Fashion · Photography · University

Funny Face

Audrey Hepburn in Funny Face

For our last FCP film club this year, we were treated to FUNNY FACE. A 1957 film starring Audrey Hepburn and Fred Alstaire set in the glamorous, glossy world of mid-century high fashion that served as the film’s backdrop. The plot mainly centered on a shop assistant who became a fashion model after an impromptu fashion shoot at a bookstore. The character Dick Avery was based on one of the most prolific photographers in the industry, Richard Avedon. During the FCP trip to London last March 15th, we actually went to the Avedon/Warhol exhibition that was on and his talent amazed me. I’ll discuss more about him below.

Meanwhile, magazine editor Maggie Prescott was based on legendary fashion head Diana Vreeland who apparently wasn’t too pleased. (This fact reminds me of The Devil Wears Prada’s Miranda Priestly and Anna Wintour).

The film was shot in Paris, the centre of fashion at the time and one of my favourite cities. It was the perfect location for a film like this! FUNNY FACE featured the always impeccable and elegant Audrey Hepburn in one of her stylish, iconic performances. I personally enjoyed the high fashion moments, and the very dramatized version of this industry, but I wasn’t sold on the romance and musical aspect as much. All in all, it was a light, fun, enjoyable film about fashion and love.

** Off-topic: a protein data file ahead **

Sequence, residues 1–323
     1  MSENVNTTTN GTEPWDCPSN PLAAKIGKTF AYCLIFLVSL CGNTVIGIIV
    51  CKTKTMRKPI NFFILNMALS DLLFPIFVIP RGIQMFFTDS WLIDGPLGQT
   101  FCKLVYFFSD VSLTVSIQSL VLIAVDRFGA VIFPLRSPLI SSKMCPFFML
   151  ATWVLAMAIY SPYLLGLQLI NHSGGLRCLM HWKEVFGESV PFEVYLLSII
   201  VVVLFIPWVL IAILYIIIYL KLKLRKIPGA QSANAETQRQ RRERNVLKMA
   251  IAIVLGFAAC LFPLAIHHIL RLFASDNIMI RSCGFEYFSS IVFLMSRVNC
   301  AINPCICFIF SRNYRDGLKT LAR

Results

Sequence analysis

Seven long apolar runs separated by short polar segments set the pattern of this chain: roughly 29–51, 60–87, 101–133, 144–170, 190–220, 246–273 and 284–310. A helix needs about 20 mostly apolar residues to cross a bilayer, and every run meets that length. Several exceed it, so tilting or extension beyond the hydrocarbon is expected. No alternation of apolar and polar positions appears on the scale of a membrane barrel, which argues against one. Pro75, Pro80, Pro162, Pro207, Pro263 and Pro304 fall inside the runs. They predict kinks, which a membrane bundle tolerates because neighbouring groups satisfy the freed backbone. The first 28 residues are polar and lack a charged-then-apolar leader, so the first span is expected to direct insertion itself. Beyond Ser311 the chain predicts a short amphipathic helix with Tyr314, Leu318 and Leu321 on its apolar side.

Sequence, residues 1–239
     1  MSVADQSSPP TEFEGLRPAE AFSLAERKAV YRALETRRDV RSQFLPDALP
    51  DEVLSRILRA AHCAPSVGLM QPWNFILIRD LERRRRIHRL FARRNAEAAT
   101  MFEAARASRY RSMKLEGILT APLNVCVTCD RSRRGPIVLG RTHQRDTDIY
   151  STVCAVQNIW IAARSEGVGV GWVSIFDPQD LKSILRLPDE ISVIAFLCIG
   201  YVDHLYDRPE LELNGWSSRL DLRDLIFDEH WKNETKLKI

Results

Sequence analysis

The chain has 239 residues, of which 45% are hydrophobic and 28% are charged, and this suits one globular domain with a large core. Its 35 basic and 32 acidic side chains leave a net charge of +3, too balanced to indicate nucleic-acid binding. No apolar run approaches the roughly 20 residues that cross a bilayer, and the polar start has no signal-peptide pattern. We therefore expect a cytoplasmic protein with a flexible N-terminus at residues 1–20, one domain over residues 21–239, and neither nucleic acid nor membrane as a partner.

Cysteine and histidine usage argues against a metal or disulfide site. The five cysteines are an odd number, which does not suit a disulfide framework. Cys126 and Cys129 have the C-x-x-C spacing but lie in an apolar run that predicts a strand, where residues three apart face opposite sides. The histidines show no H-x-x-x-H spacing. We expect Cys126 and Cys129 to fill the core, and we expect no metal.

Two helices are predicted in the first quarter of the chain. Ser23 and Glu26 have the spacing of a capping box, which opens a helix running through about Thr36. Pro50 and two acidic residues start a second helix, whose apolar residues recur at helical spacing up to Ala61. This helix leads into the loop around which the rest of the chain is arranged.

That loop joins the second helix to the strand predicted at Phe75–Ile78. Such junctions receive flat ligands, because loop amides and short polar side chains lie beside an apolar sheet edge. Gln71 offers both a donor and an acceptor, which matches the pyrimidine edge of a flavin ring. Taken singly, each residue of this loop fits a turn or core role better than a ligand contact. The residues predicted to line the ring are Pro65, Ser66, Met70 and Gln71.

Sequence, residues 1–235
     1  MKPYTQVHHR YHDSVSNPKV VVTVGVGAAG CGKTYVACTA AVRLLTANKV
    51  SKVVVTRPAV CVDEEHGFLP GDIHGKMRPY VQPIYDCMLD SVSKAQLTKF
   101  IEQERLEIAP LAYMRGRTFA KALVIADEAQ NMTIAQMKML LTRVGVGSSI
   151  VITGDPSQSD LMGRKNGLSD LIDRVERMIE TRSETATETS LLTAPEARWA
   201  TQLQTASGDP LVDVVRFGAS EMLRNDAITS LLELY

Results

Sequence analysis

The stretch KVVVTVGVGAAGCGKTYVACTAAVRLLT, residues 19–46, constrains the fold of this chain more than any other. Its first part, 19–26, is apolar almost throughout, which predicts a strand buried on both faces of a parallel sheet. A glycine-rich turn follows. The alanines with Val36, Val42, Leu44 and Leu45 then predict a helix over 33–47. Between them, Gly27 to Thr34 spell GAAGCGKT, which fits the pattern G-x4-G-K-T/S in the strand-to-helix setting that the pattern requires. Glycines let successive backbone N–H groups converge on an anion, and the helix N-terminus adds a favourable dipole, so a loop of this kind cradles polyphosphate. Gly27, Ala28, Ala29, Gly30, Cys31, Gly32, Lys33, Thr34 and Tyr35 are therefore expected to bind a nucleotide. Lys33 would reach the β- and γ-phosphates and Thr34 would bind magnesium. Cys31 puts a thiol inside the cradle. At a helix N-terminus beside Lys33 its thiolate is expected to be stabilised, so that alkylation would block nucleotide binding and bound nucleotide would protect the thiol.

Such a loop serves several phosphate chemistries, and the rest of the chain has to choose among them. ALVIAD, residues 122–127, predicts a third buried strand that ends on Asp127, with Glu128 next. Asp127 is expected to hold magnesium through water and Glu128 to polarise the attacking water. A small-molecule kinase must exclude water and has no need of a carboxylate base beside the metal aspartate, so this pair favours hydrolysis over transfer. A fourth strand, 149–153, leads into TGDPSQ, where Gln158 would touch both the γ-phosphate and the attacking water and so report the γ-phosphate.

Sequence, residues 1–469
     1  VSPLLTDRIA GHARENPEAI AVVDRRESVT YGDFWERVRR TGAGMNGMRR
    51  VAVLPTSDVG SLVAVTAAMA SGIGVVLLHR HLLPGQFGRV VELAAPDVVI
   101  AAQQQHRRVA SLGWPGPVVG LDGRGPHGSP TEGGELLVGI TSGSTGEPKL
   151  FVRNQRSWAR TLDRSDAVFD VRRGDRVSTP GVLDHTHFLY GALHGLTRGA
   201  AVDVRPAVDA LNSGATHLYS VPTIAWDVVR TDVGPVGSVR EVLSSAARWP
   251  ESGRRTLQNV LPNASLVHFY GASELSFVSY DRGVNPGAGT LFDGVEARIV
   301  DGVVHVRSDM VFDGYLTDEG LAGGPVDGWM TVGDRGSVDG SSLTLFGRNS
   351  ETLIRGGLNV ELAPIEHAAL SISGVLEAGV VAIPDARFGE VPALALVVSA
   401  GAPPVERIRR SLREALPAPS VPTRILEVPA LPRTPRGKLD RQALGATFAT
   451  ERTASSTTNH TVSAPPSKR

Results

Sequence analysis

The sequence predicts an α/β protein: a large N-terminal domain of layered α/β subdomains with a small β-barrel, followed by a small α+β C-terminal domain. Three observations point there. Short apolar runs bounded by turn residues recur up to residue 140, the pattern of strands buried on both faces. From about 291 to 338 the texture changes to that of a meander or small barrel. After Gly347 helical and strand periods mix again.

Screen Shot 2016-05-17 at 15.52.34Even if I haven’t seen this movie before, I knew that Audrey Hepburn’s character was styled and designed by Paramount’s famous costumer Edith Head and Hubert de Givenchy. Audrey became a sort of muse for Givenchy and I have to say, the 50s and 60s Audrey style will forever be sophisticated and chic. Givenchy would, of course, go on to design costumes for her for several other movies, most notably, ‘Breakfast at Tiffany’s.’ I was thoroughly impressed by the collection of custom-designed dresses by Givenchy and thought they were classic.

“His are the only clothes in which I am myself.” – Hepburn on Givenchy, having requested that he will design all her future costumes, starting with Funny Face.

funny-face-audrey-hepburn-1957-paramount-iv_456-680x459Dick Avery’s character was also based on legendary fashion photographer, Richard Avedon. His life not only provided the basis for FUNNY FACE, but his work also appeared in the film, most notably in its opening titles. He designed all the backgrounds used in the sequence, “laying out each shot like a fashion magazine spread – a homage to his own fashion photography and the work of Alexey Brodovitch, the former art director of Harper’s Bazaar. I loved the opening credits and have to say it’s one of my main highlights from this film. It was so aesthetically pleasing! Avedon also served as Special Visual Consultant on the film, and provided much of the photography used in the movie.

“Avedon himself was hired as the movie’s visual consultant, and his photographs are seen in the opening segment and throughout the sequences set in Paris. One of those photos is a famous shot of Hepburn, an extreme close-up in which only her eyes, nose, and mouth are visible.”

Similar to the fashion editor in FUNNY FACE, Vreeland favoured quirky looks and “personality” in her models.” Vreeland was the fashion editor at Harper’s Bazaar. But she was not impressed with the movie, reported saying “Never to be discussed” at an assistant as she exited the screening.

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Anyway, did you know that FUNNY FACE did not earn back its budget at the box office? The film played well in big cities but not in small towns, where there “seemed to be less interest in the movie’s depiction of the fashion worlds of New York and Paris.”

On a good note, the film earned Oscar nomimations for Best Costume Design, Cinematography, Art Direction and Screenplay.

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